• Virtualization & Secure Supervisor – Secure multi-container frameworks
  • OpenWRT – Enabling carrier-grade features to complement OpenWRT
Arduino Yun

Arduino Yun

It also appears some low cost MIPS32 & MIPS64 development board and reference designs will be supported such as Newton wearable platform, Microchip chipKit WF32 board, and Arduino Yun.

Companies can join Prpl as Board Members or Contributors Members, and individuals can join the foundation for free to engage with the community and access source code and tools.

Since the the Prpl foundation has just been launched, there aren’t any tools or software available right now, but if you are interested in MIPS development, and possibly other architecture which may be part of Prpl later on, you can get more information and/or join the foundation on Prpl Foundation Website.

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Embedded Linux Conference 2014 Schedule

April 19th, 2014 1 comment

The Tenth Embedded Linux Conference (ELC 2014) will take place on April 29 – May 1, 2014 at the San Jose Marriott in San Jose, California. The event will feature 90+ sessions on embedded Linux, Android and IoT with over 450 attendees expected to attend. It will also be co-located with Android Builders Summit and the AllSeen Alliance Hackfest. Even if you can’t attend it’s still interesting to see what will be discussed at the event to get a grasp of on-going developments, learn a few things about different optimization techniques, and so on. So I’ve gone through the sessions’ description, and I’ve designed my own virtual schedule with sessions that could be of interest.

Embedded_Linux_Conference_2014April 29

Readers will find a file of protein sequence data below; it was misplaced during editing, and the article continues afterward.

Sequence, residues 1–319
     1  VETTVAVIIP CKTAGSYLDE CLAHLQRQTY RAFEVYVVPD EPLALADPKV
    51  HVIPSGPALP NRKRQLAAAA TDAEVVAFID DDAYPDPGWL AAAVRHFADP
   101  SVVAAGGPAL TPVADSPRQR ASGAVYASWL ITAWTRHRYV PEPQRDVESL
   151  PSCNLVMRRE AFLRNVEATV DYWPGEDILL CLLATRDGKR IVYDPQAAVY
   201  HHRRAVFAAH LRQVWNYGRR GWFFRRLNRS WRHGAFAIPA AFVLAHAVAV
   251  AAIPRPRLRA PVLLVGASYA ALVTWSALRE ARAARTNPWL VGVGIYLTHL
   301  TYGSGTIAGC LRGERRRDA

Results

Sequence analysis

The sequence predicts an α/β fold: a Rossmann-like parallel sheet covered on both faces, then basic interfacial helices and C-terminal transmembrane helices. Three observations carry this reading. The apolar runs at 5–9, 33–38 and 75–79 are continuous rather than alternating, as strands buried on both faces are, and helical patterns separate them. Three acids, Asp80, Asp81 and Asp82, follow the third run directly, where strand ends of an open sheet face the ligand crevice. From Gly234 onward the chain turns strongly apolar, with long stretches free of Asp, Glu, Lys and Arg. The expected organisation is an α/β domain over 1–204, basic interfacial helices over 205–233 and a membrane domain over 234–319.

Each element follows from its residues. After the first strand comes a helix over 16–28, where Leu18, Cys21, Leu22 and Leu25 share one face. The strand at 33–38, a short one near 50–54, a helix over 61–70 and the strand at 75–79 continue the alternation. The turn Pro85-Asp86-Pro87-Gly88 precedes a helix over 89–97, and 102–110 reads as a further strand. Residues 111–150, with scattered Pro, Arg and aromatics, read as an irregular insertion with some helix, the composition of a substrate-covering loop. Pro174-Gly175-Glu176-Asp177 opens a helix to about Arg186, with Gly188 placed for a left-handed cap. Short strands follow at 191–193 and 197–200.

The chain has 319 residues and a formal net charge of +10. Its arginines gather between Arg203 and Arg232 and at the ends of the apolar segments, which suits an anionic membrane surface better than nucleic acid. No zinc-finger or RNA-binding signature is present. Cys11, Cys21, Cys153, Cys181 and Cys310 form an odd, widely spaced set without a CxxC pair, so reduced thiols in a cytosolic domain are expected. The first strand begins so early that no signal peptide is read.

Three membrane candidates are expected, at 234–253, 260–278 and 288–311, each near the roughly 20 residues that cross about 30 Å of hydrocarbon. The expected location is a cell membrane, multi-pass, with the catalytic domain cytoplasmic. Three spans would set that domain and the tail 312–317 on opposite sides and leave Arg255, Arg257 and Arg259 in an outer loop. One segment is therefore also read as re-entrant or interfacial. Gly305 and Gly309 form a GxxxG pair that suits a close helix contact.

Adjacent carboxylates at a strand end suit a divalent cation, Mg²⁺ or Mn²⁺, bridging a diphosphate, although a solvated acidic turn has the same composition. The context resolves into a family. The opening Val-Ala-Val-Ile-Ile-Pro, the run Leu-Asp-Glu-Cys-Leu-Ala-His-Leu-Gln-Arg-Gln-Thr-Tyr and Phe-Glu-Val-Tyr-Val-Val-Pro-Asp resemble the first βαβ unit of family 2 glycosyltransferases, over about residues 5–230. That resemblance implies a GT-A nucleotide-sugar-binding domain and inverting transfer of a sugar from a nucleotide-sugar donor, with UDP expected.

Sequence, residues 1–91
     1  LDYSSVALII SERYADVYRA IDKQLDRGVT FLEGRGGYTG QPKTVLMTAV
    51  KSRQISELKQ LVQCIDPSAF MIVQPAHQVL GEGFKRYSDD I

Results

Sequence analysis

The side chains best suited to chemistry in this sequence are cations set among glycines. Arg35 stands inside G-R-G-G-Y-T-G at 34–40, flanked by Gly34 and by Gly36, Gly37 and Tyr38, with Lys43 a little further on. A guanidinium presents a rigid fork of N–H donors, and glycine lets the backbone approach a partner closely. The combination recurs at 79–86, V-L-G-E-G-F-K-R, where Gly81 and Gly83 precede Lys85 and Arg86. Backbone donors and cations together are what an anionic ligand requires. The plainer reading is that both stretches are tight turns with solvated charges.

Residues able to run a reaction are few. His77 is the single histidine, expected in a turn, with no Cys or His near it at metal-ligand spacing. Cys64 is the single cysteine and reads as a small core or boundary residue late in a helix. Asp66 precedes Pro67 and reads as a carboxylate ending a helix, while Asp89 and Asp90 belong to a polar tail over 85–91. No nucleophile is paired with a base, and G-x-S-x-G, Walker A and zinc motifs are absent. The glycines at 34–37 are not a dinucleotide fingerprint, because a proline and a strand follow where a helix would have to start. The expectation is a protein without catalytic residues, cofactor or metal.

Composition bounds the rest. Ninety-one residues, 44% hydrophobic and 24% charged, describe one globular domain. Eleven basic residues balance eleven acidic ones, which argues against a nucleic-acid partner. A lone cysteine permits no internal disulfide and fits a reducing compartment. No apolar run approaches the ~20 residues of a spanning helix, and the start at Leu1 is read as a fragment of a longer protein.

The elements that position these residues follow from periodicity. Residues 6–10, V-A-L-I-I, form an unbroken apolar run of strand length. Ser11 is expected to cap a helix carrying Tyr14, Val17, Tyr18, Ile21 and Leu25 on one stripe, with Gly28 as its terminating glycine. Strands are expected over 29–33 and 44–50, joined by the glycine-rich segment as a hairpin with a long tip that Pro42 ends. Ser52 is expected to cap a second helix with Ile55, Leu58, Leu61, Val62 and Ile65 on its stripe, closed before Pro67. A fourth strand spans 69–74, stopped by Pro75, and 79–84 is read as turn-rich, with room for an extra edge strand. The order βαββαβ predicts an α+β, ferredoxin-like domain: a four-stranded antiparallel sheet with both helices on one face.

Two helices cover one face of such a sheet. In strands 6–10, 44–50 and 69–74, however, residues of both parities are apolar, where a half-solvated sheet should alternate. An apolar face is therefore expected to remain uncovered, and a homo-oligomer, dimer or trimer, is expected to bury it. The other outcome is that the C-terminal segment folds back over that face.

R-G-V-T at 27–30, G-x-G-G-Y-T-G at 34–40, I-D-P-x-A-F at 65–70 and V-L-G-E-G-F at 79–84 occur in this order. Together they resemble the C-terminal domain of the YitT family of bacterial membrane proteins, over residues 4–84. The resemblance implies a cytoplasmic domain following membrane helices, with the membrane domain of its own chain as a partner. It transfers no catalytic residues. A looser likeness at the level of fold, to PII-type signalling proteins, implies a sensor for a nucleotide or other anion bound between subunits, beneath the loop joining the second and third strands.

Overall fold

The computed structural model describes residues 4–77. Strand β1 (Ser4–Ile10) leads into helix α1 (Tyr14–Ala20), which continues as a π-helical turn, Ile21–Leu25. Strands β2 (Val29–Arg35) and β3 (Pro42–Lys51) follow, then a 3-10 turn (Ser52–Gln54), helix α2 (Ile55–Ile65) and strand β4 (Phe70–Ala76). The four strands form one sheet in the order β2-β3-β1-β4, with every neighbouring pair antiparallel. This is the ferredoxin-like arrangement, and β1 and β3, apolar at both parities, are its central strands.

Linux has taken the embedded world by storm.  Billions (with a ‘B’) of devices have now shipped with a Linux kernel, and it seems unstoppable.  But will the next 10 billion devices ship with Linux or with something else?  How can Linux be specialized for deeply embedded projects, as characterized by the Internet of Things, while still maintaining the network effects of community cooperation and sharing?  Is this possible or even desirable?  The startling truth might be revealed at this keynote. Or, Tim might just rant a bit about device-tree… who knows?

The past year has seen a remarkable growth of interest in super-low-power and super-low-form-factor computing, in the form of ‘wearables’, the ‘Internet of Things’, and the release of exciting new hardware such as Intel’s Quark and Edison SoCs. Taking advantage of this super-small hardware also implies the need for super-small operating systems and applications to match. This talk will describe a super-small-footprint Linux distribution called ‘microYocto”. The main focus will be the kernel and how we achieved what we think is close to the minimal possible kernel footprint, both in terms of static text size and dynamic memory usage. We’ll talk about the tools and methodologies we used and developed to analyze the problem, such as tracing and machine simulation, and will describe the various technologies developed and applied to achieving this minimalistic system.

Many community resources exist about boot time reduction. However, few of them are up to date and share the exact time savings that can be achieved on recent systems. This talk will detail today’s most efficient techniques to reduce boot time. For each of them, figures will be shared, obtained from recent boot time reduction projects and from the preparation of Free Electrons new workshop on this topic. If you attend this talk, you will know which optimization techniques are worth using first, and will save time not exploring techniques that won’t make a significant difference in your project. Don’t tell your boss, and this will leave your more time to contribute to community projects!